Robinson, at 6010/226, is clearly suited to a short yardage role and that is borne out in his stats and highlights. In his career he’s converted 14 of 19 attempts on 3rd and short, and 7 of his 9 rushing TDs have come from within the red zone. I could see that skillset in games against Arkansas and South Carolina last year. What Robinson lacks in burst, he makes up for in power and vision. He picks his way through the line carefully. If he’s given a chance to accelerate he can be tough to bring down as his momentum carries him downfield. He doesn’t have much experience as a pass catcher but he often made himself available to the quarterback as a checkdown option. The coaching staff trusted Robinson in pass protection as he often stayed in to block before leaking out of the backfield, unfortunately the Tide’s strong offensive line meant he didn’t get too many opportunities to deliver a block in those two games. I particularly liked this play against South Carolina. Robinson takes the hand off and deliberately slaloms from inside to out and back again. It ultimately takes three guys to bring him down.

They are different players, but let’s not forget that former teammate Josh Jacobs, who left ‘Bama with just 251 carries, ended up being the only first round running back in 2019. Like Jacobs, Brian Robinson Jr carved out a role for himself on a talented Alabama team and can show that his fresh legs and experience under Nick Saban are a boon for his draft stock.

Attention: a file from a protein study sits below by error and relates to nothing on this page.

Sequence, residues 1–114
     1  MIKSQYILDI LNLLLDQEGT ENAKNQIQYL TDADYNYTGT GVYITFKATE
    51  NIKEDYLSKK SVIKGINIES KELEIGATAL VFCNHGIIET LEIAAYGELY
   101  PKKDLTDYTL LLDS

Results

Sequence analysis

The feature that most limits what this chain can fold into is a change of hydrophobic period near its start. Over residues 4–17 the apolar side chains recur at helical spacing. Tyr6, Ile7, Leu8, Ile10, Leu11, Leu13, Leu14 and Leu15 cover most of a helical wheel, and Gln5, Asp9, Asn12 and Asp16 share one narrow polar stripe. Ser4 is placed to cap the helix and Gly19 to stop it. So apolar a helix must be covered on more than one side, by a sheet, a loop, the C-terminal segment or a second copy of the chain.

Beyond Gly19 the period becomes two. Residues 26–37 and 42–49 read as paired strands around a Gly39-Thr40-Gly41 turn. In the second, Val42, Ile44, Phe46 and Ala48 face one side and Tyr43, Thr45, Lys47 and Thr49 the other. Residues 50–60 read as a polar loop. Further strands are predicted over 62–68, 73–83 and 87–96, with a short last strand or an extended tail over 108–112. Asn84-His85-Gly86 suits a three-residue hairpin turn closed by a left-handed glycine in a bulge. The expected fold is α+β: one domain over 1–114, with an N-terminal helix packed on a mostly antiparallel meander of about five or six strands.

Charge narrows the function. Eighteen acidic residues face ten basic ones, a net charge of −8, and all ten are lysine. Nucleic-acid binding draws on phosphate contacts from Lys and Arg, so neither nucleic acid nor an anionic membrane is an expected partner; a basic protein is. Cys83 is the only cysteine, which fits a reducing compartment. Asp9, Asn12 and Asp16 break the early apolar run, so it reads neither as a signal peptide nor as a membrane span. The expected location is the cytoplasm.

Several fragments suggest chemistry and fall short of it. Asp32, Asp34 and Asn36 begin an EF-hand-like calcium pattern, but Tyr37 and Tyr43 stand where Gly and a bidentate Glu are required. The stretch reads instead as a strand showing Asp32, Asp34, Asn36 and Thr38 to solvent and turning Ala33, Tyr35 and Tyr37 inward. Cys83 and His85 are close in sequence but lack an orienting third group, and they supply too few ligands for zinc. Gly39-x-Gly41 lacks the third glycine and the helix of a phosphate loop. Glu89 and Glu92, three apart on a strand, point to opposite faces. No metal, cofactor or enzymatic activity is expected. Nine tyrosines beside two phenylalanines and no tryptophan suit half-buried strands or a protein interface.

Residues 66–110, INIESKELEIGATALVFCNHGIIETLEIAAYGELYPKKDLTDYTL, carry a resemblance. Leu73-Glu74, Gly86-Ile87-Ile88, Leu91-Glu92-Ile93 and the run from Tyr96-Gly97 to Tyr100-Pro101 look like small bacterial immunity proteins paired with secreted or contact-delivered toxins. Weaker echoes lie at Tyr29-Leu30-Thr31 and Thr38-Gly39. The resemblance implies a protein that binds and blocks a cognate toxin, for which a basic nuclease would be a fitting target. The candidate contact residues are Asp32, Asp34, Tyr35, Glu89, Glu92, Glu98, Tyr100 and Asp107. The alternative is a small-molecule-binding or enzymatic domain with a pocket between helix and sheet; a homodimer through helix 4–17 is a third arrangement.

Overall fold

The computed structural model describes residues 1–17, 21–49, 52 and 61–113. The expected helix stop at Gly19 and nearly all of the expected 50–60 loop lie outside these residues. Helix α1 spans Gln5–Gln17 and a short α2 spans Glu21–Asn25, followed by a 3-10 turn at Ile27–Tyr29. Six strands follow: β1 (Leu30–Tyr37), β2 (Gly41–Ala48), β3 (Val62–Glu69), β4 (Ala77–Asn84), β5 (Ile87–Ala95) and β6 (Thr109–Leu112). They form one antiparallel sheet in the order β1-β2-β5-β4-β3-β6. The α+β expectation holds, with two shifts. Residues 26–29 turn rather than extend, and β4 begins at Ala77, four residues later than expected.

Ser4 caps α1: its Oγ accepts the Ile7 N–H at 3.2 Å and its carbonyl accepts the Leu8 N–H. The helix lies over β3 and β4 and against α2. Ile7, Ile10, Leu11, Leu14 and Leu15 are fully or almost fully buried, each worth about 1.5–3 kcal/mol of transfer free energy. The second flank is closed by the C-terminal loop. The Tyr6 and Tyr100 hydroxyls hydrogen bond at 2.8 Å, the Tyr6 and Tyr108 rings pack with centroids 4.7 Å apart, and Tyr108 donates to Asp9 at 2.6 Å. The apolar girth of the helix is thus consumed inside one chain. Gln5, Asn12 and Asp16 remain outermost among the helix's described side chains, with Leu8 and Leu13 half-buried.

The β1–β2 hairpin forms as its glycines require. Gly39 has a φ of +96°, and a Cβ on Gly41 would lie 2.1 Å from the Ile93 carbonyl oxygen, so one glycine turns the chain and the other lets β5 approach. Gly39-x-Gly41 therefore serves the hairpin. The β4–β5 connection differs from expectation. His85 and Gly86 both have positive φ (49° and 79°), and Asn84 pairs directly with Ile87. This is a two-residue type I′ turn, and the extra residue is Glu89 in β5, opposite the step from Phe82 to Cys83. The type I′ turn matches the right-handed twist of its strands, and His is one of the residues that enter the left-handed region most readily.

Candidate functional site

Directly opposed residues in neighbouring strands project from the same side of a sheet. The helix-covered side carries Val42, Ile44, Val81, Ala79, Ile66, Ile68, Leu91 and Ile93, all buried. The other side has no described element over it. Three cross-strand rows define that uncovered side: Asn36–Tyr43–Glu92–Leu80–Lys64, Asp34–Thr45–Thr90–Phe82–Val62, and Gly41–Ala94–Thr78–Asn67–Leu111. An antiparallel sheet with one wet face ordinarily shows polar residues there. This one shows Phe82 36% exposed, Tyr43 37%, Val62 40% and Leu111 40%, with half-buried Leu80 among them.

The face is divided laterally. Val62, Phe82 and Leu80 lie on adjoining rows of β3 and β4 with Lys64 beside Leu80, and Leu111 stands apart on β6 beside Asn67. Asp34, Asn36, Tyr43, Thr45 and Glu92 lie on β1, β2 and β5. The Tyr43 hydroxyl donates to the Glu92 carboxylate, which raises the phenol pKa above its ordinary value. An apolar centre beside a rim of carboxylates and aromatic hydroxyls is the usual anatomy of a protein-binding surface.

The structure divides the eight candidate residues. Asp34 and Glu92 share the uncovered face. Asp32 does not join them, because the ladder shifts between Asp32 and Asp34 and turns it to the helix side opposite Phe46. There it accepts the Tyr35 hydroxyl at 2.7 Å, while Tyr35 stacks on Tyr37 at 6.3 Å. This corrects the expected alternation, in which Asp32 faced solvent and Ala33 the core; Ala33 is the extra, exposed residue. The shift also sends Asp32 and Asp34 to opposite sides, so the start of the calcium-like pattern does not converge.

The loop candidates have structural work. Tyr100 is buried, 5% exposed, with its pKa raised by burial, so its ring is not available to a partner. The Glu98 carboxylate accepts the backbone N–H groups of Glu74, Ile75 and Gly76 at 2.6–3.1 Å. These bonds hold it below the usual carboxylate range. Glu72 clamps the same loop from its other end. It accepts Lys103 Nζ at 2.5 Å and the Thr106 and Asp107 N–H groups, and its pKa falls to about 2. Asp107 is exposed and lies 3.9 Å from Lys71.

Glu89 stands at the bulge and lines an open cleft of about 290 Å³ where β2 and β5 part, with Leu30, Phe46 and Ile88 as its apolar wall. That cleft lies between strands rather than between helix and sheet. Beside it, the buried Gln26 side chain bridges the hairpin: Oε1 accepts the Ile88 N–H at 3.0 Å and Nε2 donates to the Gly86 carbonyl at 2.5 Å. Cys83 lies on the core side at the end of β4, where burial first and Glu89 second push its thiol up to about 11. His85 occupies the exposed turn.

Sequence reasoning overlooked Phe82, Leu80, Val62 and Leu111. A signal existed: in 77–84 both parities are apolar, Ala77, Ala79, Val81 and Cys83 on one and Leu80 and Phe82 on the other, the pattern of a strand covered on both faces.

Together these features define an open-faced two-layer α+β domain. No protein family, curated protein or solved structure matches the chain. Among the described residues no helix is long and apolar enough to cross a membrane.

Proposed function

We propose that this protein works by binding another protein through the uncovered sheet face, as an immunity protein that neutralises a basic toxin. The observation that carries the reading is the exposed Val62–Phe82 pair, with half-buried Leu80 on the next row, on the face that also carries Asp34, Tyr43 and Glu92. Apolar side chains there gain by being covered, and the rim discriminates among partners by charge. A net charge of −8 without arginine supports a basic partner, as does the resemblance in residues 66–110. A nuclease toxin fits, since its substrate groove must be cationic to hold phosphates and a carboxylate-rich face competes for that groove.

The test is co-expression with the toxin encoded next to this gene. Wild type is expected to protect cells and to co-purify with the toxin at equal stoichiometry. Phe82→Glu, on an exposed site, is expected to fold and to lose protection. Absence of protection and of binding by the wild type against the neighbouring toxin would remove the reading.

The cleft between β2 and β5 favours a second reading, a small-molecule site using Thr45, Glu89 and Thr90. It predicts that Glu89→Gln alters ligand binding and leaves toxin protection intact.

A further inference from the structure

Notes: Heights listed are using a notation common among scouts where the first digit corresponds to the feet, the next two digits correspond to the inches and the fourth digit corresponds to the fraction, in eighths.  So, somebody measuring 5’11” and 3/8 would be 5113.  This is helpful when trying to sort players by height. Full disclosure, I am not watching film of every single game any player plays, instead I am looking for a representative sample.  There are a lot of analysts out there who have a deeper depth of knowledge about certain players but I pride myself in a wide breadth of knowledge about many players.  When researching my articles I use a number of valuable resources. I would recommend bookmarking the below sites:

  • Stats:,,,,,,,,
  • Recruiting:,,,
  • Film: 2021 NFL Draft Database by Mark Jarvis,
  • Draft info and mocks:,,,,,
  • NFL rosters, depth charts and contract info:,
  • Draft history:
  • Combine info:,,,
  • Season preview magazines: Phil Steele, Lindy’s, Street and Smith’s, Athlon Sports
  • Podcasts: ESPN’s First Draft, The Audible by Football Guys (specifically episodes w/ Matt Waldman), UTH Dynasty, Draft Dudes, Saturday 2 Sunday, Locked on NFL Draft, Cover 3 College Football
  • Logos & Player Media Photos:
  • Odds & Gambling Stats:

Robert F. Cowper is a freelance writer who lives in New Jersey.  He is a proud member of the Football Writers Association of America and the Fantasy Sports Writers Association.  Robert works as a certified park and recreation professional, specializing in youth sports, when he isn’t acting as commissioner for his many fantasy sports leagues.